Gupta and collaborators test their matching algorithm on catalogs of galaxies and simulated supernova events to quantify how well the algorithm is able to accurately recover the true hosts.

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    The matching algorithm’s accuracy (“purity”) as a function of the true supernova-host separation, the supernova redshift, the true host’s brightness, and the true host’s size. [Gupta et al. 2016]

    Successful Matching

    The authors find that when the basic algorithm is run on catalog data, it matches supernovae to their hosts with 91% accuracy. Including the machine learning component, which is run after the initial matching algorithm, improves the accuracy of the matching to 97%.

    The encouraging results of this work — which was intended as a proof of concept — suggest that methods similar to this could prove very practical for tackling future survey data. And the method explored here has use beyond matching just supernovae to their host galaxies: it could also be applied to other extragalactic transients, such as gamma-ray bursts, tidal disruption events, or electromagnetic counterparts to gravitational-wave detections.

    Citation

    Ravi R. Gupta et al 2016 AJ 152 154. doi:10.3847/0004-6256/152/6/154

    See the full article here .

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  • richardmitnick 9:29 am on November 8, 2016 Permalink | Reply
    Tags: , , , Scraps of brightest exploding stars stretch over time, Supernovae   

    From COSMOS: “Scraps of brightest exploding stars stretch over time” 

    Cosmos Magazine bloc

    COSMOS

    08 November 2016
    Belinda Smith

    The inner layer of a superluminous supernovae has elongated in a matter of weeks, new observations show.

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    RCW 103, the remains of a supernova explosion located about 9,000 light-years from Earth. It’s nothing compared to superluminous supernovae, though – and a new study suggests the big ones have a couple of ejecta layers. X-ray: NASA / CXC / University of Amsterdam / N.Rea et al; Optical: DSS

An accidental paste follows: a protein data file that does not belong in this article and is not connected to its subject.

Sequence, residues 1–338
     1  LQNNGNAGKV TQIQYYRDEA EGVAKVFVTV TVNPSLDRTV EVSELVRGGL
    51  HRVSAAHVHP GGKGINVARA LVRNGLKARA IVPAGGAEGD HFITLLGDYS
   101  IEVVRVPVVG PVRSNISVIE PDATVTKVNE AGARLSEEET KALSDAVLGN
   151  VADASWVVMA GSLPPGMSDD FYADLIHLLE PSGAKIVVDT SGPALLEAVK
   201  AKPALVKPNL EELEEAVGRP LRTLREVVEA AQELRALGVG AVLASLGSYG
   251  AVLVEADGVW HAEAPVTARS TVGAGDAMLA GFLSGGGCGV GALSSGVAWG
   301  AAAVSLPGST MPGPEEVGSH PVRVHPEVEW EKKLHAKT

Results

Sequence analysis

Some of the biggest and brightest exploding stars don’t keep a spherical shape, new observations show, but may periodically stretch into a hot dog bun shape.

    Cosimo Inserra from Queen’s University Belfast in the UK and colleagues measured polarised light, which gives information about asymmetries of the source, emanating from the superluminous supernova 2015bn. They found it changed shape over the course of a couple of months, pulling from a ball into an ellipsoid after peak brightness.

    The work, published in The Astrophysical Journal, provides another insight into the lifecycle of these strange cosmic objects.

    Supernovae are produced when a star in its death throes and collapses on itself, blasting a shell of material away from a black hole or a dense, spinning object with an immense magnetic field called a magnetar left in the centre.

    Superluminous supernovae, as their name suggests, are particularly bright – but they’re mysterious.

    While they explode with billions of times the energy of the sun – and last longer than a typical supernova, stretching months instead of weeks – astronomers have only known of their existence for the past six years or so.

    One of the closest superluminous supernovae – SN 2015bn – is fading in visible light, but undulating in the ultraviolet part of the spectrum. This, astronomers think, is the result of a magnetar reheating material around it, which results in a burst of ejecta every 30 to 50 days.

    But while it was ramping up to peak brightness, Cosimo and his colleagues trained a spectrograph on Chile’s Very Large Telescope on SN 2015bn to detect polarised light.

    ESO/VLT at Cerro Paranal, Chile
    ESO/VLT at Cerro Paranal, Chile

    Where unpolarised light waves move in, say, horizontal and vertical planes, polarised light moves in a single plane. Measuring polarised light – called polarimetry – and analysing it with come nifty calculations can give astronomers the rough shape of an object, such as the layers of supernova ejecta.

    The best fitting model comprised two layers of ejecta. Some 24 days before peak brightness, SN 2015bn’s outside ejecta layer was the same shape as the inner – like a soccer ball inside a basketball.

    But 28 days after the brightness started waning, more polarised light intimated that the inner ejecta had morphed into an ellipsoid while the outer later stayed roughly spherical – like a small rounded Australian football in a basketball.

    So what does this mean?

    The axisymmetric shape, the researchers write, is in line with a core-collapse explosion. A central inner engine of a magnetar or black hole pumps energy into the layers, causing the asymmetry over time.

    As to whether the shape is typical for a superluminous supernova or not is unknown. More observations and detailed modelling of other superluminous supernovae – and time – will tell.

    See the full article here .